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Business Week reports on a new online marketplace called Alice.com that debuted yesterday that is described as “a platform for consumer-product makers to bypass traditional retailers and go directly to shoppers.”

At present, the site reportedly offers 7,000 SKUs – almost all household items, with relatively few food products - from 55 manufacturers that include Procter & Gamble, Colgate-Palmolive, and Clorox.

According to the Business Week story, “Instead of buying the goods from manufacturers, marking up the price to make a profit, and then selling them—the traditional retail model—Alice makes no money on the sale of the goods. The manufacturer sets the price, while Alice handles fulfillment and customer service, passing along those costs, which are about 35% of the selling price, to the manufacturer. Shipping is free, and the company pledges to offer low prices that are competitive with discount retailers like Walmart … To get around the issue that it's tough to make money by selling one tube of toothpaste at a time—a lesson e-commerce pioneers painfully learned—shoppers at Alice.com are required to purchase at least six items before checking out. In beta testing, the average purchase on Alice.com came to around $50 from 11 items.”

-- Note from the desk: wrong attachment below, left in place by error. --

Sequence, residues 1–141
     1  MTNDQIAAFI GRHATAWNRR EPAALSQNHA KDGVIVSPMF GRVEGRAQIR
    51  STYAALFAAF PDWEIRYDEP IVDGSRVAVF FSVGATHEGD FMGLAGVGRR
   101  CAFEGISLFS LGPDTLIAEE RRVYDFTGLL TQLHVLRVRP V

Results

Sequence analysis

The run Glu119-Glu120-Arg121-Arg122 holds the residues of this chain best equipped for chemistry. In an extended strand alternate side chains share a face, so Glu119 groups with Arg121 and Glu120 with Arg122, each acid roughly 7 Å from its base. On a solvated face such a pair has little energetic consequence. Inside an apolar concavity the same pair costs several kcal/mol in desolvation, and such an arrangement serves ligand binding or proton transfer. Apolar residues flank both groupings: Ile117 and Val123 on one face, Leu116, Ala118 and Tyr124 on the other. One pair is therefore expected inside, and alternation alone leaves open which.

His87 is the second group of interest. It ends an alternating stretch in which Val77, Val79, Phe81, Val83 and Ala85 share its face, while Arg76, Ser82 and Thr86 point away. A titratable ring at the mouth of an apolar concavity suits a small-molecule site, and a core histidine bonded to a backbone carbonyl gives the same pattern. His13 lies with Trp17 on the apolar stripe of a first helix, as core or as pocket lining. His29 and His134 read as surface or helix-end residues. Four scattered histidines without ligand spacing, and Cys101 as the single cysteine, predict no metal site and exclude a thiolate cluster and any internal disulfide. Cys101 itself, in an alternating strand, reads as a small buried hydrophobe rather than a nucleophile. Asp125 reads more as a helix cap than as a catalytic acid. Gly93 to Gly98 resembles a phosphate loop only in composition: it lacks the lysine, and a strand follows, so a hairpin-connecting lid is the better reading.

According to the company’s website, “The Alice co-founders, Brian Wiegand and Mark McGuire, have a spent their careers building customer-focused companies. Their formula is simple: use the web to disrupt existing business models and shift more power to end consumers. With a strong team in place, Alice is ready to shift the power back to you one trash bag, toothpaste tube and pack of diapers at a time.”

In fact, Business Week notes, Wiegand and McGuire are “serial entrepreneurs” who “sold their last endeavor, online ad business Jellyfish, to Microsoft (MSFT) for a reported $50 million in 2007.

While there is no dearth of competition from online retailers such as Amazon.com and Drugstore.com, not to mention the dozens of retailers that are affiliated with the MyWebGrocer system, experts seem to feel that the success of Alice.com is almost completely dependent on manufacturers’ willingness to engage with the system.
KC's View:
The key, I would agree, will be manufacturers’ interest in bypassing traditional retailers. This interest could increase as retailers get more focused on private brands; they’ll never abandon national brands altogether, but this could signify a tougher struggle in the balance of power between retailers and suppliers.